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Planning, Passion, Patience and Pedantry

September 12, 2011

A pedant too?

The proposed National Planning Policy Framework is causing a certain amount of uproar in local government circles. However, the debate over big national issues, important as it is, sometimes means we miss the smaller day to day debates and activities of the average local authority planning committee which will interpret this Framework which local people might end up relying on. Thankfully, for those who are interested we have a guest post from a dispassionate observer of just such a committee; yes, the committee clerk.

If you have a post you’d like us to put up on the blog please drop us a line at welovelocalgovernment@gmail.com

 

In my first job in the Committee section of a now defunct District Council I, like most clerks, cut my teeth writing the minutes for thePlanning Committee.

I can’t pretend that what I learnt by sitting listening to hours of discussion, debate and derision, has left me with an expert knowledge in planning policy but it did give me a number of interesting insights and an appreciation for our system that I’ll share here.

Before I start, and in the context of the National Planning Policy Framework debate currently raging like corn fire caught by a changingwind, I’d better acknowledge that we need to find a strategy for meeting our development needs. However, like all officers subject to political restrictions I won’t say whether my views are positive or negative on the Governments proposals.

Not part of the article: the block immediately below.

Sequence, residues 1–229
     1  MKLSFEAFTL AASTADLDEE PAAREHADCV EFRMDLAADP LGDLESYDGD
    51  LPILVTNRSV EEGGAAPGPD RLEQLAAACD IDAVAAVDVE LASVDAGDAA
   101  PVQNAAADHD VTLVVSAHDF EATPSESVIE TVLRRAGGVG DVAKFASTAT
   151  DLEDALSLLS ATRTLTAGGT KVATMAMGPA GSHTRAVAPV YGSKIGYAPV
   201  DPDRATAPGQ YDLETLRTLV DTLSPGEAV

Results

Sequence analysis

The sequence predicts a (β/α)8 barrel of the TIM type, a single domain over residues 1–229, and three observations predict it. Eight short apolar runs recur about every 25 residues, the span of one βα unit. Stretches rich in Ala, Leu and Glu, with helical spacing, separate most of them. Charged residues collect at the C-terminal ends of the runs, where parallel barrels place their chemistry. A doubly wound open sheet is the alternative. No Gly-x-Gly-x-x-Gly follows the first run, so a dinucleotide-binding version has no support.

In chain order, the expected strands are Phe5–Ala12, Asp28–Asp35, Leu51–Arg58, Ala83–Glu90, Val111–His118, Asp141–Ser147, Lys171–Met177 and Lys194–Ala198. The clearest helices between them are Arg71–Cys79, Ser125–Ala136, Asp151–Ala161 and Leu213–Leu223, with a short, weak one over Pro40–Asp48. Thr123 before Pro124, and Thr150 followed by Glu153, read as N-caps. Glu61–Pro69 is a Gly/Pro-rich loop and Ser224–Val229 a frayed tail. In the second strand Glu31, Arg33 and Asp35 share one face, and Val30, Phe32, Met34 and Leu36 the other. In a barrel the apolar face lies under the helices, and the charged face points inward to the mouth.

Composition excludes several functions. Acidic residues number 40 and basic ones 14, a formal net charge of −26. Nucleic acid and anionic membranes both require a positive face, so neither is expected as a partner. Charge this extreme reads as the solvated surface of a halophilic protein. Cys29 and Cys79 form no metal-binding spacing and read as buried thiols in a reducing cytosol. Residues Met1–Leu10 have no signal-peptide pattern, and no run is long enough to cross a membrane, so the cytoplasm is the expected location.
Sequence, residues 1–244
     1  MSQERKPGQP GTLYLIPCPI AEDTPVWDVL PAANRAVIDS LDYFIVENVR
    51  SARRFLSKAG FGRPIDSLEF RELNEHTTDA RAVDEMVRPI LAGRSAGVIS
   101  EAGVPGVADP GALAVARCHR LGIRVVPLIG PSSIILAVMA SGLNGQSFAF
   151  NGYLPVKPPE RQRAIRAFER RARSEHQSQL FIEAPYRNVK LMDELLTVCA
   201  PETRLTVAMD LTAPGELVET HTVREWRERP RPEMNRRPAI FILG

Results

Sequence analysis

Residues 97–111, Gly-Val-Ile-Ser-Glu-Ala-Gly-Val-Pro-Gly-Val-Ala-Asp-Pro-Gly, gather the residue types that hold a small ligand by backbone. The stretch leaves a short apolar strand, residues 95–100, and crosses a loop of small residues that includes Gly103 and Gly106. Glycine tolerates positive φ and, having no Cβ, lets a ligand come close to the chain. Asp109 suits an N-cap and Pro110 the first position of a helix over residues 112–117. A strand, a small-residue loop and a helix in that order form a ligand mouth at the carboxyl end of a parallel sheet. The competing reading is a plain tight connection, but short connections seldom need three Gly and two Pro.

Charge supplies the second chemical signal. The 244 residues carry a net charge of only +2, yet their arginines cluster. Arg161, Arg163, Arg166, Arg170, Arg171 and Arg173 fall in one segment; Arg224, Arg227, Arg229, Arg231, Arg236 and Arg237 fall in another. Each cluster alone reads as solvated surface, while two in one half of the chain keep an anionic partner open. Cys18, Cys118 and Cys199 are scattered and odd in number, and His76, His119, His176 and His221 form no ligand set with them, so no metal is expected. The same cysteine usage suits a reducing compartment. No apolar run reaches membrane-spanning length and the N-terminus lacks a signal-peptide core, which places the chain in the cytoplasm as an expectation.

What I have learnt is that planning issues engage the public like no other issue.

However, nearly all the time this is fuelled by negative desires.

You try and build something that people don’t want in their street then most of the street will turn up to tell you about it. Only once do I remember a member of the public (where there were neither the applicant nor their agent) turning up to a planning committee to talk in support of an application.